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Exact dates commuters will be hit by rail strikes in September and October
20 September 2023, 16:04
National rail strikes have been ongoing for well over a year now, with more commuter misery expected over the next couple of months.
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The train drivers' union, Aslef, recently announced a new round of industrial action, which will affect commuters in September and October.
It continues the long-standing dispute over pay, jobs, and working conditions.
There will also been an overtime ban, which will disrupt rail travel over a week in both months.
Exact dates rail strikes will hit commuters
Train drivers will walk out on Saturday, 30 September and Wednesday, 4 October, which will affect millions of journeys across the country.
The Aslef union has also announced an overtime bank on Friday, 29 September.
This will come back on Monday, 2 October, running until the Friday of that week (October 6).
These train strikes have reportedly been orchestrated to affect the Tory party conference, which will start on Sunday, 1 October.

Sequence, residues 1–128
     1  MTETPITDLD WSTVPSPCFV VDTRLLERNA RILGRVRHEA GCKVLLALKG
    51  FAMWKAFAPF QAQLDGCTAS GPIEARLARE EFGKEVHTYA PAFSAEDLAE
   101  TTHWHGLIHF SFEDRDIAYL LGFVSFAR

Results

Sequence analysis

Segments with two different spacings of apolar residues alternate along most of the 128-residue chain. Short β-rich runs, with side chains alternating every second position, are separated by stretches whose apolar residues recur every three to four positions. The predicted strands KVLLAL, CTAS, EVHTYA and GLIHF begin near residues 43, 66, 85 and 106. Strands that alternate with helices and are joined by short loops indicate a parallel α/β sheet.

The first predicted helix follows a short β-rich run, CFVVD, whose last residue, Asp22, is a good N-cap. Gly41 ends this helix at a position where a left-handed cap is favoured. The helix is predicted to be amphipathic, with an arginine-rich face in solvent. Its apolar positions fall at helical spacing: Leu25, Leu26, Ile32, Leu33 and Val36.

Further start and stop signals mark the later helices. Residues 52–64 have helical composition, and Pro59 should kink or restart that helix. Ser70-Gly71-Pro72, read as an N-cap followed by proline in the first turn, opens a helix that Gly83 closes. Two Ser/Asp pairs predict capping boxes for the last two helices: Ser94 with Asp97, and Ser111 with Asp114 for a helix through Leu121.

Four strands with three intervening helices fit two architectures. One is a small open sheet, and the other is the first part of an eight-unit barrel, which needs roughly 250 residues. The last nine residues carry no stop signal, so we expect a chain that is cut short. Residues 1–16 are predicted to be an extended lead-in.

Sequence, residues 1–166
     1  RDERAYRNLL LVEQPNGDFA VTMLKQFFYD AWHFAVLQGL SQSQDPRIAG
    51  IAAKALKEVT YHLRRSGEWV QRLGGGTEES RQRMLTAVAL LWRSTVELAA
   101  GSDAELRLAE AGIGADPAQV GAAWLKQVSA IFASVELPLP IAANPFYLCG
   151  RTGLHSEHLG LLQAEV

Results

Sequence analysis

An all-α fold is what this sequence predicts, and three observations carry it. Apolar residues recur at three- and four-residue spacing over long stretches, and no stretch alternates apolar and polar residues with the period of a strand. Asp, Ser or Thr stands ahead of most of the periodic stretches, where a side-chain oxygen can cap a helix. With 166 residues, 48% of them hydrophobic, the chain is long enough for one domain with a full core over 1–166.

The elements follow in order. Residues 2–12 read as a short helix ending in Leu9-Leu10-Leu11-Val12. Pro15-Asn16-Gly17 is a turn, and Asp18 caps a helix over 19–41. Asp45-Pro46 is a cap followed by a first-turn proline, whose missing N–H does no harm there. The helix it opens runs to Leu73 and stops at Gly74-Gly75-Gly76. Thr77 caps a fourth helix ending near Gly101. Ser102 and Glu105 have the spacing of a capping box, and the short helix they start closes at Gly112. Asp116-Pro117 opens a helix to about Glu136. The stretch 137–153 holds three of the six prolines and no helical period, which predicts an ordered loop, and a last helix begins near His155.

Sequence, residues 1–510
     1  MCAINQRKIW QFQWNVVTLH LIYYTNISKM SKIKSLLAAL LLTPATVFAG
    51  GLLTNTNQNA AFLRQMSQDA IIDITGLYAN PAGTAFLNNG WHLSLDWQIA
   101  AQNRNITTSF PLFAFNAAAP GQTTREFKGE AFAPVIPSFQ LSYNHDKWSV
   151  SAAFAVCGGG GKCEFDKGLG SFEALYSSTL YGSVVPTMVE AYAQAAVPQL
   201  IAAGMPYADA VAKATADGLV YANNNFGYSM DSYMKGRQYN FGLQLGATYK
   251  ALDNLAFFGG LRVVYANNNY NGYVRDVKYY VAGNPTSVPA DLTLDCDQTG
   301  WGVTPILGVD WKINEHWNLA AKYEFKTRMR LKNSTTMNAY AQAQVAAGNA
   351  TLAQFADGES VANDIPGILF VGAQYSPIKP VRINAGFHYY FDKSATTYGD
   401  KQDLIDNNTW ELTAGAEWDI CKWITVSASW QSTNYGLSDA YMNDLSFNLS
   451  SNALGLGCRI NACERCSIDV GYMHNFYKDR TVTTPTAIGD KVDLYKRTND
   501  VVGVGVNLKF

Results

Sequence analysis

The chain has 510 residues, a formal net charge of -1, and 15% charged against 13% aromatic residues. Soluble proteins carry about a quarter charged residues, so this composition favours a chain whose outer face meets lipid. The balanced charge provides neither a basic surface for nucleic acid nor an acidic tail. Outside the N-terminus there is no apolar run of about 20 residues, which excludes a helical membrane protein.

“While we regret having to take this action – we don’t want to lose a day’s pay, or disrupt passengers as they try to travel by train – the government, and the employers have forced us into this position," Mick Whelan, Aslef’s general secretary, said.
“Our members have not, now, had a pay rise for four years – since 2019 – and that’s not right when prices have soared in that time. Train drivers, perfectly reasonably, want to be able to buy now what they could buy four years ago.”
Which rail companies are affected by the strikes?
- Avanti West Coast
- Caledonian Sleeper
- Chiltern Railways
- East Midlands Railway
- Gatwick Express
- Greater Anglia
- GTR Great Northern Thameslink
- Heathrow Express
- Island Line
- Northern Trains
- Gatwick Express
- South Western Railway main line
- Stanstead Express
- SWR depot drivers
- TransPennine Express
Are there Tube strikes?
Staff are set to walk out on Wednesday October 4 and Friday October 6 over job losses and safety concerns.
This strike was announced by the RMT, which said planned job cuts "will affect every aspect of the tube including stations and maintenance, leading to the likelihood of more unstaffed stations and a lowering of safety standards."